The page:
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Ace Frehley Is My Copilot:
My Day at the Kiss Convention

05.26.2000 | CULTURE

Nuremberg Rock City

Kiss was, and is, a worldwide phenomenon. Therefore it stands to reason that like the Huns and the Allied forces before them, the Kiss army would eventually overrun Germany. The surprise lies then not in the occupation, but the packaging. Kiss's ensignia (the one that was notoriously alleged to anagram-itize "Knight in Satan's Service" and something vaguely homoerotic that I don't remember) is composed of a fascist "K," an incidental "I," and two lightning "S"'s. The "S"'s were thought too close to the Nazi storm trooper product logo, so the pre-unified, thirty scarce years removed from Nazi rule Germany demanded that Casablanca (their label) change the offending bolts to two inverted Z's for all of Kiss's German releases. The moral of this story: American Kiss albums command the mighty second hand sum of between 50 cents and a dollar, while the price of their German cousins begins at $70.

Rites of Springsteen

The 2000 Kiss expo was held in Farleigh Dickenson University in Teaneck New Jersey, 2 hours north of hard-core Springsteen country, but still close enough to make the event a mullet-orium. As I pulled my car into the parking lot the local DBR (Dirt Bag Rock) radio station pumped out "We're not Gonna Take it" by Twisted Sister. Outside the college gymnasium, the convention's home, a tall man in latex pants, a red tee shirt with gold trimmed shoulders and Kiss make-up walked around and talked to a group of women. His make up was not derived from the holy quadrinity of kiss--Ace, Gene, Peter and Paul--but from Vinnie Vincent, of the eponymous Vinnie Vincent invasion. He and some drummer whose name escapes me replaced Ace Frehley and Peter Criss in the late seventies. They were in make up for all of about five minutes before Gene and Paul announced the "exposed tour" and let the band's faces go naked. My point is that there is some dude in North Jersey whose affection for and knowledge of Kiss esoteria allowed him to not only emulate Vinnie Vincent's make up, but to think that it was a good idea to do so.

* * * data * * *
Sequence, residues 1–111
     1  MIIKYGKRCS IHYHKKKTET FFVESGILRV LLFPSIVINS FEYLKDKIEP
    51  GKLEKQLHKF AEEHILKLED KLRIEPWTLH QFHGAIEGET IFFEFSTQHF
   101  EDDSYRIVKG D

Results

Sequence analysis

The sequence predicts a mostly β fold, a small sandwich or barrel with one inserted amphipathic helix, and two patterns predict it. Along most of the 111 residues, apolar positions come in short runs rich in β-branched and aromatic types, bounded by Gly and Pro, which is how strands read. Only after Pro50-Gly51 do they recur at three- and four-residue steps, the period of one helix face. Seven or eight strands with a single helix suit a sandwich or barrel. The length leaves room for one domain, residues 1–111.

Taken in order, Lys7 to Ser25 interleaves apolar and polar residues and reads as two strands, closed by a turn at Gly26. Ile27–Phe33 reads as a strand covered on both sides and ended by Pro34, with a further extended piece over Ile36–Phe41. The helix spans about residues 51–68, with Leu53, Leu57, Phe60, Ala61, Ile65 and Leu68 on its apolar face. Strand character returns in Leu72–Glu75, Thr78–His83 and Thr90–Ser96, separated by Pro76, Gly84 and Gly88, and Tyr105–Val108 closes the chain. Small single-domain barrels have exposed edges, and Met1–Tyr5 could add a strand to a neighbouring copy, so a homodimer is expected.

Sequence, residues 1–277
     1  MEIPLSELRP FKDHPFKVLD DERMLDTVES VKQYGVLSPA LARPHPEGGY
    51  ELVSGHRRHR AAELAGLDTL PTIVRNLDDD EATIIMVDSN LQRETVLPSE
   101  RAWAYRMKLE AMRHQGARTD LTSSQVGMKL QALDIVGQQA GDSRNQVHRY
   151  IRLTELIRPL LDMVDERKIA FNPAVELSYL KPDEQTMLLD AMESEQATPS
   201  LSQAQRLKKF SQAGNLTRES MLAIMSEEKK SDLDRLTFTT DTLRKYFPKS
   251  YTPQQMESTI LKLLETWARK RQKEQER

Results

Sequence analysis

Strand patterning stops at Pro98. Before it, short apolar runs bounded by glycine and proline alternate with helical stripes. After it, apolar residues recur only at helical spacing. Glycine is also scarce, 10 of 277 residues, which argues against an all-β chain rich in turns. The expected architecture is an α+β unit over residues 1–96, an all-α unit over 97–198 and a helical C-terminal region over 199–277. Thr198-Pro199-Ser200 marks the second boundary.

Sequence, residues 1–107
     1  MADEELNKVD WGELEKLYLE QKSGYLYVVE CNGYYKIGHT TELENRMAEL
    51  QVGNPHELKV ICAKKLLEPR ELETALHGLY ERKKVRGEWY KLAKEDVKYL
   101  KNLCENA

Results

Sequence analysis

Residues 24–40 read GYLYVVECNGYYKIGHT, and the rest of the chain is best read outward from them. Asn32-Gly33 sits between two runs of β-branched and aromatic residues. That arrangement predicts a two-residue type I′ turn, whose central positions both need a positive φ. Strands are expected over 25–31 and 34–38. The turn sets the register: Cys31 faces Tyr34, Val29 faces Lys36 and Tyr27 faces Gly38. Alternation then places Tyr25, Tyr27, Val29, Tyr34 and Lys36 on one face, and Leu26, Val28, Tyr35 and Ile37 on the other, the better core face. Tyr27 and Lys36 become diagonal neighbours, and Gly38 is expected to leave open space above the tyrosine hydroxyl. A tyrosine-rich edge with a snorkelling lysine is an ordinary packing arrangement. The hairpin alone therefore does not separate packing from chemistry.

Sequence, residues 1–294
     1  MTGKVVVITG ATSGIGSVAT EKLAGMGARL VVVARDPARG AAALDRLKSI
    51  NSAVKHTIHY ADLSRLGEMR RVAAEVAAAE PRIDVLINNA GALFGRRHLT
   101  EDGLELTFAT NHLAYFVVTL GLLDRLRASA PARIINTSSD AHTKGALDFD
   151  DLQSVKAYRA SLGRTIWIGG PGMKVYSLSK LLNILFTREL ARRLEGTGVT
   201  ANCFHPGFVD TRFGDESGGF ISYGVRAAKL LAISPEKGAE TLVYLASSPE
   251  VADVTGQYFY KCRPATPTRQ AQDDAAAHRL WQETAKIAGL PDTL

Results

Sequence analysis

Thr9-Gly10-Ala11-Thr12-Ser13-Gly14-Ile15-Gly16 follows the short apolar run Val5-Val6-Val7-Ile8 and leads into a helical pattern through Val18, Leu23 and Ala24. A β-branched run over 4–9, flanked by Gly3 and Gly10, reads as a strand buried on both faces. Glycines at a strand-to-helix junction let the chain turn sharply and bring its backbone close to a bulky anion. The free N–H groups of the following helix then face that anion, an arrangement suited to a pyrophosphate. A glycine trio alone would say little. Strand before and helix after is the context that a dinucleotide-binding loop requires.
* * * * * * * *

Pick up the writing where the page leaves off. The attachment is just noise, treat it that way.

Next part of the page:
Welcome to the Jingle

Once inside, my friend and I were met with a smell that mixed the delicate overtones of the bathroom at CBGB's with the bouquet of a children's playroom at a bowling alley. A room of men and women, mostly 10 to 20 years past their rock and roll prime, had come, kids and wheel chair bound relatives in tow, to drool over a king's ransom in crap: Comic books, dolls, lunchboxes, garbage cans, Halloween masks, matchbox cars, smashed guitars, videos (kiss related and non-they had about 1000 bootleg concerts and the star wars Christmas special), vynil (including the aforementioned Kiss Aryan Army releases.) teddy bears, the "kiss on tour" board game, guitar picks and a Kiss car.

Miss Nicotine Fit

Teaneck New Jersey is flush up against Lodi New Jersey. Lodi is notable for three reasons: Satin Dolls (the real life template and setting for the Soprano's Botta Bing's), its Scorcese-cized population of beefy Italian dudes, and for being the hometown of the seminal goth/punk/metal band The Misfits. All these things I mention for one reason; the guitar player of the misfits, he of the single spiky tendril haircut and Alice Cooper-esque eye make-up, was there. He was selling something, I don't really know what. Just as I was approaching him a dozen midgets walked by. They were rolling in tough, like a bunch of Lilliputian reservoir dogs. My friend followed them with a video camera and I missed the opportunity to ask them what they thought of Metallica's cover of "Die my Darling."

Blue Oyster Cult De-programming

My conversation with the bass player of Blue Oyster Cult, also at the Expo, went like this:

- You were in the Blue Oyster Cult?
Yeah. Bass Player.
- You play on all their songs?
- You play on Godzilla?
- That's like my favorite song, dude.
Stick around. We [indicating the man standing to his right who played in the Alice Cooper band] are gonna play later. We might do that one.
- Cool. Make sure you play that part [I hummed the post-bridge break down while mimicking playing the line on the bass guitar. He turned his head away, signaling that the conversation was over.]

Hey Hey, My, My, Rock And Roll Can Never Diet

Gene Simmons did not attend the convention. He was, however, omnipresent; the room was plastered with posters of him performing, both in the seventies and today, and there were at least ten people dressed up like him, male and female. I overheard a lot of remarks about how well his stage outfits show off his present day, let's say, "ample" carriage. People seemed to get a joy from making fun of his weight, or even his music. The words "Paul Stanley" were often followed by the words "pussy," "asshole" and "lame." Which makes me think that a lot of Kiss fans aren't really that much into Kiss as a band, but as a spring board for merchandise. There's something weird and self-conscious at work in this culture. You know the culture I mean; the one that attends conventions like this, the one that packs bars who have tribute bands play, the one that will pay $80 for an e-bay auctioned tour tee shirt. In many--perhaps in Kiss's case, most cases--the erstwhile fans tolerate the music more than like it. The real fanaticism is focused on the accoutrements, the merchandise, the lunchboxes and garbage cans. Incidentally, in case you're interested in knocking me off some kind of high horse, I was really excited to meet a playboy playmate at the convention, and I spent $10 on old issues of Cream magazine.

About the Author
New Jersey native Adam Bulger currently resides in Hartford, CT. As a free-lance writer he has written numerous articles on booze, cops and robots.
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